Frazil ice flows down the Bow River near Canmore, Alberta. Frazil ice is the first stage in river ice formation.
A fourth-year U of A engineering student's work on an undergraduate research project has led to a protocol that could improve understanding of how ice forms on rivers and streams.
Working with civil engineering professor Mark Loewen, Nicholas Landry was able to successfully illustrate the shape and size of frazil ice. Commonly visible in early fall, frazil ice is the first stage in river ice formation. As temperatures drop below freezing, a mix of ice crystals and liquids produce a slushy appearance or “frazil ice” on streams or rivers in the turbulent flow.
Because it grows quickly and forms below the surface water, frazil ice is difficult to detect, and as a result, large accumulations can cause problems for facilities that require fresh water continuously by clogging the openings.
“If we are able to use Nicholas’s technique to determine the size of frazil ice particles in rivers, we would be able to use this information to improve models of river ice processes, particularly river freeze-up,” says Loewen. “Measuring frazil ice particle sizes in different rivers may also increase our understanding of what factors influence or determine the size of the particles.”
For the project, Landry cut frazil ice samples into very thin sections and placed them under direct cross-polarized light. As the light passed through each frazil ice crystal, it refracted in a different orientation. The varying crystal colours made it possible to detect each frazil ice crystal’s boundary. He was then able to develop an algorithm that successfully identified crystal boundaries in 90 per cent of cases.
“This project was about furthering the field of research to better model freeze-up in the winter,” says Landry. “Frazil ice crystallography was a cool project because I was able to combine civil engineering with image photography and computer science. Little is known about frazil ice properties.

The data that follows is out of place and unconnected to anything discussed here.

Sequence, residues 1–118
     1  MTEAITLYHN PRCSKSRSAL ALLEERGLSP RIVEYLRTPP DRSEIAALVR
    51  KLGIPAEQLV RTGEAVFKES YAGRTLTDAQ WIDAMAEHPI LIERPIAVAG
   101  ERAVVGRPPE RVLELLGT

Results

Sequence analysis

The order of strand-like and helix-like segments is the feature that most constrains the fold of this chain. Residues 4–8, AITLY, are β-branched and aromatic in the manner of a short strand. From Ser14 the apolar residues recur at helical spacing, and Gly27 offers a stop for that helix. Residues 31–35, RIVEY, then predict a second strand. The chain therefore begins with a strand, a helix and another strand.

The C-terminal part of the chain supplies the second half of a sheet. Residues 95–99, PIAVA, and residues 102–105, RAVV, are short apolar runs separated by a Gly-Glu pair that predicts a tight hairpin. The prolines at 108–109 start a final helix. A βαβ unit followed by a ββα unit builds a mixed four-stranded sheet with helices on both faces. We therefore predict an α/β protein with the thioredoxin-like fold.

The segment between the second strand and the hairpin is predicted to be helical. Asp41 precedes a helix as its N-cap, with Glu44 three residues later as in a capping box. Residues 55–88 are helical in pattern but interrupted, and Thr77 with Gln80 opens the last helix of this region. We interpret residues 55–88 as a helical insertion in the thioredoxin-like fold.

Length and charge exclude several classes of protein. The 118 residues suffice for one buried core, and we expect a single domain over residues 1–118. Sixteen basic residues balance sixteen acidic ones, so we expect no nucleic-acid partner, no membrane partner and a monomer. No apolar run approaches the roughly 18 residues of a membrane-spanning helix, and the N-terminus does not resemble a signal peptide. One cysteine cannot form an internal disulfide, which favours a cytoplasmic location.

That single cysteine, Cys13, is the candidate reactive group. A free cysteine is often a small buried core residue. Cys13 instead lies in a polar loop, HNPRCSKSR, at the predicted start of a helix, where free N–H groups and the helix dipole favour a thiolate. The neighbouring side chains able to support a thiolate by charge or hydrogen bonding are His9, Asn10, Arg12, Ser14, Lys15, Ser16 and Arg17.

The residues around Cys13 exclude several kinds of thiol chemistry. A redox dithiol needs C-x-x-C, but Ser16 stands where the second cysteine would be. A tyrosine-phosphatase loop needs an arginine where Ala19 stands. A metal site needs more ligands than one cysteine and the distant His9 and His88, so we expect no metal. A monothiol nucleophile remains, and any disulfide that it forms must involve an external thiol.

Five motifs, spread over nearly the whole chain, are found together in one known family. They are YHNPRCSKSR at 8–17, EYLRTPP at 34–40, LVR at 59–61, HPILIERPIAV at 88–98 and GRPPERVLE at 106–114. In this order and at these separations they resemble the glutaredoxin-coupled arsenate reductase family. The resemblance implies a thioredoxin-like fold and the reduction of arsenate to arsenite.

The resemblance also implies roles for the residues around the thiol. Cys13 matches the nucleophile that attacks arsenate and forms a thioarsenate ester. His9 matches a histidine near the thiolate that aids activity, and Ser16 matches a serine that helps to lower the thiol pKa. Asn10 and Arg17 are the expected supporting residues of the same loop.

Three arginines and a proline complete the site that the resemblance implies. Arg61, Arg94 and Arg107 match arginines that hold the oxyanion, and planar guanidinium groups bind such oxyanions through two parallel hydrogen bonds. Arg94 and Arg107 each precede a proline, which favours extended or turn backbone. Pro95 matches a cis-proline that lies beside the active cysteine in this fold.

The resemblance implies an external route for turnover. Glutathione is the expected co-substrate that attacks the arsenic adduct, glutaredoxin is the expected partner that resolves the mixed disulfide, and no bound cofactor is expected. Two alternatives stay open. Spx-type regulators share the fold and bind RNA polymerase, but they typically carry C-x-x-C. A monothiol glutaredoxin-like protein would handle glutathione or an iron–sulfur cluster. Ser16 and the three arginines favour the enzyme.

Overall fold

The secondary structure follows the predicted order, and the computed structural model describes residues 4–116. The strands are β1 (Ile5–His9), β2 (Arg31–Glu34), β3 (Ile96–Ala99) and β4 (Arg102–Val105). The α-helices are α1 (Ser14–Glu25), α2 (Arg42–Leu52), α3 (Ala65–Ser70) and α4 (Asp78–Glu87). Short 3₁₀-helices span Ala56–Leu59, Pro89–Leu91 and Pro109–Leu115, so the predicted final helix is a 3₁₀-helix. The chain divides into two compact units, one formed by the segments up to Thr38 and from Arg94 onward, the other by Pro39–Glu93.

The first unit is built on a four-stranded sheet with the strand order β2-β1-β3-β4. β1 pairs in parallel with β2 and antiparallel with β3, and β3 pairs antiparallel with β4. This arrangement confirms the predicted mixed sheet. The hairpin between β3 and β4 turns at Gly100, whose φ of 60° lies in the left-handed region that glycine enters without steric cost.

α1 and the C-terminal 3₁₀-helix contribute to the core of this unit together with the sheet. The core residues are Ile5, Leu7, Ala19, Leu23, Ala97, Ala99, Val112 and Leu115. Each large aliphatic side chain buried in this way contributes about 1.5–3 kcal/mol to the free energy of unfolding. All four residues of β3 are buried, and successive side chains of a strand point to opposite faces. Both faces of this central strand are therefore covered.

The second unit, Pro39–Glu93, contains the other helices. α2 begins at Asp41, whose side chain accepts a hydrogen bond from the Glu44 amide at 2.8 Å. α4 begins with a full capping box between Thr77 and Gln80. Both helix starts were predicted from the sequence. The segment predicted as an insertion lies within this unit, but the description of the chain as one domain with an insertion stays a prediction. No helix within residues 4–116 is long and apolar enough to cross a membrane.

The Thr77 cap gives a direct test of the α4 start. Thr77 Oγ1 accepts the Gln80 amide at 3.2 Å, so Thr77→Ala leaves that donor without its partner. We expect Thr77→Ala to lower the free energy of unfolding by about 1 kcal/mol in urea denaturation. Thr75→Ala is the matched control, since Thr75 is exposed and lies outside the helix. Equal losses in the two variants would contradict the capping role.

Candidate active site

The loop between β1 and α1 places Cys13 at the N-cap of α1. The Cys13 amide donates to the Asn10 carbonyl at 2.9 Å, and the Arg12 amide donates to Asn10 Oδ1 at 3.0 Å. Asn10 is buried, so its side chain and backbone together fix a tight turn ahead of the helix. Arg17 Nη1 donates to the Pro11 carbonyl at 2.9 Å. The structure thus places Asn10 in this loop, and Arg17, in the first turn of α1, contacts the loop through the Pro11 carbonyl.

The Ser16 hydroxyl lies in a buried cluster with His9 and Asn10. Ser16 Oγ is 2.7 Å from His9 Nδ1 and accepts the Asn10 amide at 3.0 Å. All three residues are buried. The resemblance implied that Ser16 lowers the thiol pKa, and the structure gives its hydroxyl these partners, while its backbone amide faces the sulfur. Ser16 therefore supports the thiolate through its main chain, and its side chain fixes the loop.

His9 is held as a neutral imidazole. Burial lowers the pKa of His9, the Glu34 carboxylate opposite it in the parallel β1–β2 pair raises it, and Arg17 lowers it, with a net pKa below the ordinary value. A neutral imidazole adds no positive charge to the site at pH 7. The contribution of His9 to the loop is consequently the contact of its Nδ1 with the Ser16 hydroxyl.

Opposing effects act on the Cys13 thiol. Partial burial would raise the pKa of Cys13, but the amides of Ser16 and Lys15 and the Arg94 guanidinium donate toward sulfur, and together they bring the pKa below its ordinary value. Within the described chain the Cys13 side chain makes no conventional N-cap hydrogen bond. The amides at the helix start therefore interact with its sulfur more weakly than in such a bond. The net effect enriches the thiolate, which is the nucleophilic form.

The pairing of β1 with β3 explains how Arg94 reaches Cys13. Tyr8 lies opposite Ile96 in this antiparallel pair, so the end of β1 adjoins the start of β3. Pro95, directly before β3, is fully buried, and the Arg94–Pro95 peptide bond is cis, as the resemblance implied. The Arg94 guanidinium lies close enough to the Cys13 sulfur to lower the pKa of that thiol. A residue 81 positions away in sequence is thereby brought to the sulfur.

“My research was really focused on developing a protocol that could help automate the characterization of these frazil ice properties. Later, my methods could be used to draw comparisons between frazil ice that is formed in various settings.”
The frazil ice core samples were collected from the North Saskatchewan River in January 2011 and were compared with samples taken in March 2011. Once those crystal sizes were determined, Landry compared them with frazil ice samples produced in the U of A laboratory.
“Using MATLAB [a technical computing language], I was able to identify the crystal boundaries and compute the crystal sizes by marking points with high light intensity gradients, which corresponded to changes in crystal colours,” he explained. “I learned a lot about how river ice develops, and about the science of photography and photo analysis.”
Landry's research opportunity was part of the Dean's Research Award program in the engineering faculty, which allows undergraduate students to pursue practical research experience and gain in-depth understanding of what they learn in the classroom.